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This stroy is either the inspiration for an episode of the NBC TV "Homicide"
or "Homicide" has inspired a new urban legend.  Either way it's a great story.

At 06:44 PM 11/22/98 -0800, you wrote:
>At the 1994 annual awards dinner given for Forensic Science, AAFS president
Dr. Don Harper Mills astounded his audience with the legal complications of
a bizarre death.
>Here is the story:
>On March 23, 1994 the medical examiner viewed the body of Ronald Opus and
>concluded that he died from a shotgun wound to the head.  The decedent had
jumped from the top of a ten story building intending to commit suicide. He
left a note to that effect indicating his despondency.  As he fell past the
ninth floor, his life was interrupted by a shotgun blast passing through a
window, which killed him
>instantly.  Neither  the shooter nor the decedent was aware that a safety
net had been installed just below at the eighth floor level to protect some
building workers,  and that Ronald Opus would not have been able to complete
his suicide the way he had planned.  Ordinarily, Dr. Mills continued, "a
person who sets out to commit  suicide and ultimately succeeds, even though
the mechanism might not be what he intended" is still defined as committing
suicide. That Mr. Opus was shot on the way to certain death nine stories
below at street level, but that this suicide attempt probably would not have
been successful because of the safety net, caused the medical examiner to
feel that he had a homicide on his hands.  The room on the  ninth floor from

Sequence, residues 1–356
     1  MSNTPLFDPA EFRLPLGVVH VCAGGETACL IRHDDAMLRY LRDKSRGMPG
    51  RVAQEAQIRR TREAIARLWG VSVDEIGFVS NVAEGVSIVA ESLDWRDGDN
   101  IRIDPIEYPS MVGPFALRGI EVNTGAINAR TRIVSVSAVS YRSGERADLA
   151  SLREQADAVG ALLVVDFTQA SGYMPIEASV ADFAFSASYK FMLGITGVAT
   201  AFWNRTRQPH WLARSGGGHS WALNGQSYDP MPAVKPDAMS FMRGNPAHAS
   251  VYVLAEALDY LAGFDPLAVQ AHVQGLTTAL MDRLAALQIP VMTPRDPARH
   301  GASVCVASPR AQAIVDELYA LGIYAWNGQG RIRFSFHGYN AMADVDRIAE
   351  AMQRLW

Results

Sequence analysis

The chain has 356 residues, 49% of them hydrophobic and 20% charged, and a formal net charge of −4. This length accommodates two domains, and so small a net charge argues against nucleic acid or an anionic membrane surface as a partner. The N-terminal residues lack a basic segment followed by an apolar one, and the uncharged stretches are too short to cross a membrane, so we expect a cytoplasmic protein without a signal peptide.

whence the shotgun blast emanated was occupied by an elderly man and his
wife. They were arguing vigorously, and he was threatening her with a
shotgun. The man was so upset that  when he pulled the trigger he completely
missed his wife and the pellets went  through the window striking Mr. Opus.
When one intends to kill subject A, but kills subject B in the attempt, one
is guilty of the
>murder of subject B.  When confronted with the murder charge, the old man
and his wife were both adamant. They both said  they thought the shotgun was
unloaded.  The old man said it was his long standing habit to threaten his
wife with the  unloaded shotgun. He had no intention to murder her.
Therefore the killing of Mr. Opus appeared to be an accident , that is, the
gun had been accidentally loaded.  The continuing investigation turned up a
witness who saw the old couple's son loading the shotgun about six weeks
prior to the fatal accident.  It transpired that the old lady had cut off
her sons financial support and the son, knowing the propensity of his father
to use the shotgun threateningly, loaded the gun with the
>expectation that his father  would shoot his mother. The case now becomes
one of murder on the part of the son for  the death of Ronald Opus.  Now
comes the exquisite twist.  Further investigation revealed that the son was
in fact Ronald Opus.  He had become increasingly despondent over the failure
of his attempt to engineer his mother's murder.  This led him to jump off
the ten story building on March 23rd, only to be killed by a shotgun blast
passing through the ninth story window. The son had actually murdered
himself so the medical examiner closed the case as a suicide.
>Very tidy of him.
>( A true story from Associated Press, by
>Kurt Westervelt)